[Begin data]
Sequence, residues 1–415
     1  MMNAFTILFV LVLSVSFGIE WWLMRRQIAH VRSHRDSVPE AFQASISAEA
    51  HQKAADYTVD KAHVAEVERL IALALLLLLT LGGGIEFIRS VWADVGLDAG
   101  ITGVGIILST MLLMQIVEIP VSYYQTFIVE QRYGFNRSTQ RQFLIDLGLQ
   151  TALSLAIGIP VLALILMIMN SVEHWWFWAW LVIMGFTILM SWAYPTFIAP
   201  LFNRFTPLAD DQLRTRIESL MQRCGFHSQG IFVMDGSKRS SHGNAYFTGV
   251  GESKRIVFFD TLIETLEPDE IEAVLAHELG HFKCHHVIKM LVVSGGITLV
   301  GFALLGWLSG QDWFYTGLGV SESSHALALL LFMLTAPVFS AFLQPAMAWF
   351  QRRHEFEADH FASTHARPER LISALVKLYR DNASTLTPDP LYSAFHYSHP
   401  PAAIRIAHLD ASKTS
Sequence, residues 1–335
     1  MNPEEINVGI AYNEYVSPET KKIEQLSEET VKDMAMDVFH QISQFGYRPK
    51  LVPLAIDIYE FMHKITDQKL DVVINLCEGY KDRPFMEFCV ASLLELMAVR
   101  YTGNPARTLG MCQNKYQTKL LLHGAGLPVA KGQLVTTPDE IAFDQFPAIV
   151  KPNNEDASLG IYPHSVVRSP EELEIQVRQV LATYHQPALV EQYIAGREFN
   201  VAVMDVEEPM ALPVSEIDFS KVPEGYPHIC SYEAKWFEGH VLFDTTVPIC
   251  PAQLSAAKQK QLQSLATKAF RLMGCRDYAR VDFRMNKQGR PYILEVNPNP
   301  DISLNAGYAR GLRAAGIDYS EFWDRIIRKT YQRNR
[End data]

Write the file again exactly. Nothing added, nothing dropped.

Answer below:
Sequence, residues 1–415
     1  MMNAFTILFV LVLSVSFGIE WWLMRRQIAH VRSHRDSVPE AFQASISAEA
    51  HQKAADYTVD KAHVAEVERL IALALLLLLT LGGGIEFIRS VWADVGLDAG
   101  ITGVGIILST MLLMQIVEIP VSYYQTFIVE QRYGFNRSTQ RQFLIDLGLQ
   151  TALSLAIGIP VLALILMIMN SVEHWWFWAW LVIMGFTILM SWAYPTFIAP
   201  LFNRFTPLAD DQLRTRIESL MQRCGFHSQG IFVMDGSKRS SHGNAYFTGV
   251  GESKRIVFFD TLIETLEPDE IEAVLAHELG HFKCHHVIKM LVVSGGITLV
   301  GFALLGWLSG QDWFYTGLGV SESSHALALL LFMLTAPVFS AFLQPAMAWF
   351  QRRHEFEADH FASTHARPER LISALVKLYR DNASTLTPDP LYSAFHYSHP
   401  PAAIRIAHLD ASKTS
Sequence, residues 1–335
     1  MNPEEINVGI AYNEYVSPET KKIEQLSEET VKDMAMDVFH QISQFGYRPK
    51  LVPLAIDIYE FMHKITDQKL DVVINLCEGY KDRPFMEFCV ASLLELMAVR
   101  YTGNPARTLG MCQNKYQTKL LLHGAGLPVA KGQLVTTPDE IAFDQFPAIV
   151  KPNNEDASLG IYPHSVVRSP EELEIQVRQV LATYHQPALV EQYIAGREFN
   201  VAVMDVEEPM ALPVSEIDFS KVPEGYPHIC SYEAKWFEGH VLFDTTVPIC
   251  PAQLSAAKQK QLQSLATKAF RLMGCRDYAR VDFRMNKQGR PYILEVNPNP
   301  DISLNAGYAR GLRAAGIDYS EFWDRIIRKT YQRNR